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How To Comfort a Grieving Child With Special Needs

Kids with disabilities may not have the language for their feelings of loss

Boxes of tissues are conspicuously at hand throughout LightHouse for New Hope. It’s a dated, unassuming building in Mesquite that’s easy to miss while navigating the construction cones on Motley Drive. Inside, however, LightHouse is an ocean away from all the street traffic. The reception area is warm and inviting, and the children’s rooms feature bright seaside murals and age-appropriate supplies like puppets and books and art materials. There is even a kitchenette and dining area where families can share a meal.

Still, nothing about LightHouse feels maudlin; it’s simply a place where people of all ages gather to talk about loss—where they can openly express their feelings of grief and take comfort in the fact that as isolating as grief can be, they are not alone.

“After a loss, every person has the same needs in going through the grief process,” says president and founder Nancy Bollman, who guides me through the meeting rooms. “Everyone needs an active way to share and to heal.”

Children are grouped by age, but there is no hard signage to indicate that the brightly painted Sandcastle Room, for example, is designated for ages 5–8. The lack of labels is one way the center accommodates children with special needs and intellectual disabilities—with no rigid age divisions, children with an adjusted age can better integrate into a group of peers they can connect with.

“We had a young woman with us who was 24 years old,” Bollman explains, “but her intellectual age was 10, 11 years old. So we had her join the Sailboat Room, and she did very well with that group.”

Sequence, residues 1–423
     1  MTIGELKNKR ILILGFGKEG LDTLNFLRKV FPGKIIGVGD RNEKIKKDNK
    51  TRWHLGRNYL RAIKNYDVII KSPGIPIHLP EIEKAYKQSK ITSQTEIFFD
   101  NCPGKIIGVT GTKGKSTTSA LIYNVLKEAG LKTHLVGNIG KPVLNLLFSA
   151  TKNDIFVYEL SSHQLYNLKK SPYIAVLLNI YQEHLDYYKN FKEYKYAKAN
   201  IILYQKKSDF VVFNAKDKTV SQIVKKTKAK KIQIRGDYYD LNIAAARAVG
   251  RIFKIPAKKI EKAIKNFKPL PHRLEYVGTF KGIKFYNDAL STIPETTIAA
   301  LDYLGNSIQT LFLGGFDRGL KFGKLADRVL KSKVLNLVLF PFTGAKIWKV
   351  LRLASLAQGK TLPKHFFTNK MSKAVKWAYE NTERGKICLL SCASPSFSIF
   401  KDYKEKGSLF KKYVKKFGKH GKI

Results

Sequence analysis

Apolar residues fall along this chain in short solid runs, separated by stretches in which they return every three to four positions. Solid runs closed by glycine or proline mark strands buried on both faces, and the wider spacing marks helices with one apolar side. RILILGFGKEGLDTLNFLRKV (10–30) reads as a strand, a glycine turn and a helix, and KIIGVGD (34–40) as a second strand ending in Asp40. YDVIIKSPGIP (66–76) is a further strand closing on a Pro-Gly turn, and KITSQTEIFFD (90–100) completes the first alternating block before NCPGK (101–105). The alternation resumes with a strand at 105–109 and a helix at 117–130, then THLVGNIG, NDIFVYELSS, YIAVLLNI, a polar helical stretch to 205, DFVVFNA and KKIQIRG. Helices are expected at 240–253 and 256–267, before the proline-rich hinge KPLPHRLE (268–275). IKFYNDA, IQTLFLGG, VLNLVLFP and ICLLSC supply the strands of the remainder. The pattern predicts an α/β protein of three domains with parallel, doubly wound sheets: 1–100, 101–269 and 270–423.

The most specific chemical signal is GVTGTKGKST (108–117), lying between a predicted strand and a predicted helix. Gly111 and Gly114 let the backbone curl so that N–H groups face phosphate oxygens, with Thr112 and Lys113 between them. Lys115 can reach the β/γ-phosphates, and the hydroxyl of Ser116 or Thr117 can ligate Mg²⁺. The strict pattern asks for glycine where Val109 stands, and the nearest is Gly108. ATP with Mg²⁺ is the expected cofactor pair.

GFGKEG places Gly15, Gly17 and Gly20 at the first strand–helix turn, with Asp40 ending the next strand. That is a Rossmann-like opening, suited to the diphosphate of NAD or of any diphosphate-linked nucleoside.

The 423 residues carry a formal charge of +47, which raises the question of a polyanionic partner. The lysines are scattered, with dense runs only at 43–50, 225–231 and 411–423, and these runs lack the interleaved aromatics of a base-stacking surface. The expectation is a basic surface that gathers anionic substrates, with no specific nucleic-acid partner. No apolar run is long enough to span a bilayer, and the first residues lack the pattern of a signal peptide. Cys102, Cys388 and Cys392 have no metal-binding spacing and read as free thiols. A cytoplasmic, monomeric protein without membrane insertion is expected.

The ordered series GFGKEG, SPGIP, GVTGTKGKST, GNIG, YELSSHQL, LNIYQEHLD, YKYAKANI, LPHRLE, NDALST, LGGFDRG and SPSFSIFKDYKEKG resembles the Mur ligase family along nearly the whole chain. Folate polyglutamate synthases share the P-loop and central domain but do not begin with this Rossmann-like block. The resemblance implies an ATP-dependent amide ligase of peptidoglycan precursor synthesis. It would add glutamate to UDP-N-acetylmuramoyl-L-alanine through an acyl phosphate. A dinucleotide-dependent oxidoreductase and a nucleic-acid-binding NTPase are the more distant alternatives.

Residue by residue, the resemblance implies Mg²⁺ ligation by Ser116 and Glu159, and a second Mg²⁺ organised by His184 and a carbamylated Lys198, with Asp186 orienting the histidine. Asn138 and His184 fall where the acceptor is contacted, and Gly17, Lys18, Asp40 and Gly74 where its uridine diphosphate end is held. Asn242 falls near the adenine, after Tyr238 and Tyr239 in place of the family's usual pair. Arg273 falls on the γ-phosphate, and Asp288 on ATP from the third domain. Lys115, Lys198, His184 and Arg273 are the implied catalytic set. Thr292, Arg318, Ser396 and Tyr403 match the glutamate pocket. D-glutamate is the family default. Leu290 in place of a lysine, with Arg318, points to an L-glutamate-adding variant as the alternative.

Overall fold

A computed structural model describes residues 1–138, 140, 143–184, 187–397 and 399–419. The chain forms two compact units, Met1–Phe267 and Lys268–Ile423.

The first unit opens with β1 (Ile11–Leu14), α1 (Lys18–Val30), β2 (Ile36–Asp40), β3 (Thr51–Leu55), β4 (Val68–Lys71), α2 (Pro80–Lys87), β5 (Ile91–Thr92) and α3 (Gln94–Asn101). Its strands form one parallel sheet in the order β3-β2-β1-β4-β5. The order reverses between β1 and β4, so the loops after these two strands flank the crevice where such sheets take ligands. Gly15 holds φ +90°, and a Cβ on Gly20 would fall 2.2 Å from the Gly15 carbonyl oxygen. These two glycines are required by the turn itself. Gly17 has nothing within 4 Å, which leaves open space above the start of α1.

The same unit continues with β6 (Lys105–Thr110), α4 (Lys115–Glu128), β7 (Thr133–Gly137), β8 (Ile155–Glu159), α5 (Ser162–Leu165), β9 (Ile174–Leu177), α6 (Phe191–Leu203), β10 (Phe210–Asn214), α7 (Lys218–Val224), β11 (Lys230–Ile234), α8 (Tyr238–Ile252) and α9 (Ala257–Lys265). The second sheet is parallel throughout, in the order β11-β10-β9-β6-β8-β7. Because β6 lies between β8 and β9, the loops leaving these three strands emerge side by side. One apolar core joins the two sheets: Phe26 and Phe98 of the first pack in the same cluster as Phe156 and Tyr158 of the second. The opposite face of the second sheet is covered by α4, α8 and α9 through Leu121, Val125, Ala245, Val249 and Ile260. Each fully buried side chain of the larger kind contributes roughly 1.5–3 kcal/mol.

Most of the children who pass through the center are considered typical, but over the years, the center has helped children with a range of abilities cope with a significant loss in their lives. Bollman says they’ve supported children and teens with attention deficit disorder, Down syndrome, intellectual disabilities and higher-functioning autism. She tells me about a child with Asperger’s syndrome who came through the center: “He said, ‘When I felt my sister after she died, she was cold. Why was she cold?’ He wanted to understand the process.”


As many of the experts consulted for this article point out, grief is not a linear process that everyone experiences in the same way, or even in the separate, distinct stages we often hear about. There is no single timeline for grief, and there is no standard progression from point A (loss) to point B (acceptance).

Furthermore, grief is not exclusive to the death of a loved one—especially for a child. Divorce, separation from a parent, abandonment and trauma are all forms of loss. Kids with special needs may feel grief when confronted with the ways they are different from their peers or activities they can’t participate in.

“Grief is the loss of what we thought our life would be like,” explains Anastasia Taylor, a licensed clinical social worker with Alliance Child and Family Solutions in Fort Worth who has five children, two on the autism spectrum.